Thursday, June 30, 2011

And Now, With an Opposing Viewpoint, Here’s Justice Kagan …

Last night I posted a lengthy piece on the Supreme Court’s recent decision in Arizona Free Enterprise Club’s Freedom Club PAC v. Bennett, No. 10-238 (slip op. June 27, 2011), explaining the Court’s decision striking down the Arizona Citizens Clean Elections Act of 1998 on First Amendment grounds. It was a 5-4 decision authored by Chief Justice John Roberts, who was joined in the majority by Justices Scalia, Kennedy, Thomas and Alito. (You can download a the case in .pdf format here.)

After I posted that piece, my friend Steve of the Linkmeister blog pointed out that I neglected to discuss the dissenting opinion authored by Justice Elena Kagan, who was joined by Justices Ginsberg, Breyer and Sotomayor. Steve discussed the dissenting opinion here, with a nod to Scott Lemieux at Lawyers, Guns and Money. Point taken, Linkmeister, so without further ado, here’s what Justice Kagan had to say.

First, Justice Kagan pointedly describes the conundrum the Arizona Citizens Clean Elections Act was meant to address:

Imagine two States, each plagued by a corrupt political system. In both States, candidates for public office accept large campaign contributions in exchange for the promise that, after assuming office, they will rank the donors' interests ahead of all others. As a result of these bargains, politicians ignore the public interest, sound public policy languishes, and the citizens lose confidence in their government.

Recognizing the cancerous effect of this corruption, voters of the first State, acting through referendum, enact several campaign finance measures previously approved by this Court. They cap campaign contributions; require disclosure of substantial donations; and create an optional public financing program that gives candidates a fixed public subsidy if they refrain from private fundraising. But these measures do not work. Individuals who "bundle" campaign contributions become indispensable to candidates in need of money. Simple disclosure fails to prevent shady dealing. And candidates choose not to participate in the public financing system because the sums provided do not make them competitive with their privately financed opponents. So the State remains afflicted with corruption.

Voters of the second State, having witnessed this failure, take an ever-so-slightly different tack to cleaning up their political system. They too enact contribution limits and disclosure requirements. But they believe that the greatest hope of eliminating corruption lies in creating an effective public financing program, which will break candidates' dependence on large donors and bundlers. These voters realize, based on the first State's experience, that such a program will not work unless candidates agree to participate in it. And candidates will participate only if they know that they will receive sufficient funding to run competitive races. So the voters enact a program that carefully adjusts the money given to would-be officeholders, through the use of a matching funds mechanism, in order to provide this assurance. The program does not discriminate against any candidate or point of view, and it does not restrict any person's ability to speak. In fact, by providing resources to many candidates, the program creates more speech and thereby broadens public debate. And just as the voters had hoped, the program accomplishes its mission of restoring integrity to the political system. The second State rids itself of corruption.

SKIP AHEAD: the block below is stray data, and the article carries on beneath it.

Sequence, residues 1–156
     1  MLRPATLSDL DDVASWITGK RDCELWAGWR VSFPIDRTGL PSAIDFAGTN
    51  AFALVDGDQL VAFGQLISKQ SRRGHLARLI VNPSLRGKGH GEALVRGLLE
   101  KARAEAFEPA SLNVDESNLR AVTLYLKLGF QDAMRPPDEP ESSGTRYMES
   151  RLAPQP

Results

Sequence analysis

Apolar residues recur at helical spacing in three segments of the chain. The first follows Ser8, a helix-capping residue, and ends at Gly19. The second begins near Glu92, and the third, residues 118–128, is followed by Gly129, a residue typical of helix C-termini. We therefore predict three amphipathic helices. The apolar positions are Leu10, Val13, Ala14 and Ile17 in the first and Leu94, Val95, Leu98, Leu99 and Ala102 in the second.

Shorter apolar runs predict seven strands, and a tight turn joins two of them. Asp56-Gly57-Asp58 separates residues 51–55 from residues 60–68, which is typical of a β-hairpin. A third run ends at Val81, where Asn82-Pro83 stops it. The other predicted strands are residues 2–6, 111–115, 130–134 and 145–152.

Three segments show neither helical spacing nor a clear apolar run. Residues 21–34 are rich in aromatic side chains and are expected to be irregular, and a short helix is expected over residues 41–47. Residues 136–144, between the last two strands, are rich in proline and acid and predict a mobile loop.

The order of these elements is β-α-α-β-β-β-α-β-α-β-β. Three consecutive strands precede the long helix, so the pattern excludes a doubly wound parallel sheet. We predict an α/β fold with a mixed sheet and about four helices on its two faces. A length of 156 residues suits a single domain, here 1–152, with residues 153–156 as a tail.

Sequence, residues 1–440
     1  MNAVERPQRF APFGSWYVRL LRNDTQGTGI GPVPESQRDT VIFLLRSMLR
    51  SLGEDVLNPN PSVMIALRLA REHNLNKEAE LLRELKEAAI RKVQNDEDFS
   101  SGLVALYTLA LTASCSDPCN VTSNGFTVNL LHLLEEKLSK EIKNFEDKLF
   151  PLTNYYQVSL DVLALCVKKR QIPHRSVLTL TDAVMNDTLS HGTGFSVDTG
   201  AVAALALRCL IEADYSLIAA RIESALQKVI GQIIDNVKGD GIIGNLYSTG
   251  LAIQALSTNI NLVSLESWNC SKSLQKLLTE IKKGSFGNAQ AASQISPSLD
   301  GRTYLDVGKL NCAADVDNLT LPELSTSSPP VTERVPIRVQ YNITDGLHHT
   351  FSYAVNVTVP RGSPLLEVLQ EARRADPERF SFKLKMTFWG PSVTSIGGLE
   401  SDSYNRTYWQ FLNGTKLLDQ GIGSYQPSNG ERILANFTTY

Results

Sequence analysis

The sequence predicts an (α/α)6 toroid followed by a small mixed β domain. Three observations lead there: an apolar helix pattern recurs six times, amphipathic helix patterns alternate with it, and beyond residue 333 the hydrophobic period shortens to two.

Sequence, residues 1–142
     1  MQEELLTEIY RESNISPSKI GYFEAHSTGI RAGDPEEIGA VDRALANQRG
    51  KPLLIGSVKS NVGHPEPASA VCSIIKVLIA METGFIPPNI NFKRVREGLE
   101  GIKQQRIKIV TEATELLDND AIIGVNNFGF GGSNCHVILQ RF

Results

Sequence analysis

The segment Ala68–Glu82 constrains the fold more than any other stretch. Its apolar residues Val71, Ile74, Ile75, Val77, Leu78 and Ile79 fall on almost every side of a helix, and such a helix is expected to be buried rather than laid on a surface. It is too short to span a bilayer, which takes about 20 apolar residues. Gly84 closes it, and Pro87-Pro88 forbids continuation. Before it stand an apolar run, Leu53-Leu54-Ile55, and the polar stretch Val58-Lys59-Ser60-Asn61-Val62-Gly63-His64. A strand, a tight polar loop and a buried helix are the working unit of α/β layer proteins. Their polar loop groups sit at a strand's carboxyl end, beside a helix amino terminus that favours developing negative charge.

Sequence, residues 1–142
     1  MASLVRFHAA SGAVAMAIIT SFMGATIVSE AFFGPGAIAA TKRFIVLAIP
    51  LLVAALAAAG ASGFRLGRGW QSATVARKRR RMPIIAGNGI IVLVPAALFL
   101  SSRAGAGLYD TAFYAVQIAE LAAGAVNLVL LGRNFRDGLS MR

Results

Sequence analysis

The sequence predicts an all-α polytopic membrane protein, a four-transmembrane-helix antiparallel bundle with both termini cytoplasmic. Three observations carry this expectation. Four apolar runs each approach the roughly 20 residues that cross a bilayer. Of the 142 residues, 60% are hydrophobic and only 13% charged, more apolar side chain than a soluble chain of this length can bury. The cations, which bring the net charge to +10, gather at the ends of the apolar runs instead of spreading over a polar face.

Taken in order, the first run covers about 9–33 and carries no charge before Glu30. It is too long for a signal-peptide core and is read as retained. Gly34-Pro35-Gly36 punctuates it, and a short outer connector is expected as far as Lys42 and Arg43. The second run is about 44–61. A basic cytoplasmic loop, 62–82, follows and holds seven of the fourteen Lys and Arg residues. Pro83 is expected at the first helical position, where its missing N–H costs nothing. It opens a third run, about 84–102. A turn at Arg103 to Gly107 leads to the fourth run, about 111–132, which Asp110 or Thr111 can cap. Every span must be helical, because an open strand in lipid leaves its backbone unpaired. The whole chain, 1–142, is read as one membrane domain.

Dissenting op. at 1-2 (.pdf).

Not surprisingly, while the majority opinion focused on the “burden” the Arizona statute imposes on privately financed candidates (the burden that if they expend more than the public allotment given to publicly funded candidates, every additional dollar the privately financed candidate spends to speak triggers the government giving his or her opponent an additional dollar with which to speak), Justice Kagan’s dissent focuses on the problem the Arizona law was meant to address (i.e., “eliminating corruption [by] creating an effective public financing program, which will break candidates’ dependence on large donors and bundlers”). Consequently (and also not surprisingly), Justice Kagan likewise turns the majority’s reliance on New York Times Co. v. Sullivan, 376 U.S. 254 (1964), against it. At the conclusion of its opinion striking down the Arizona law, the majority quotes New York Times Co. v. Sullivan for the hoary principle that America has a “profound national commitment to the principle that debate on public issues should be uninhibited, robust, and wide-open,” 376 U.S. at 270; but Justice Kagan sees the Arizona law as furthering that principle: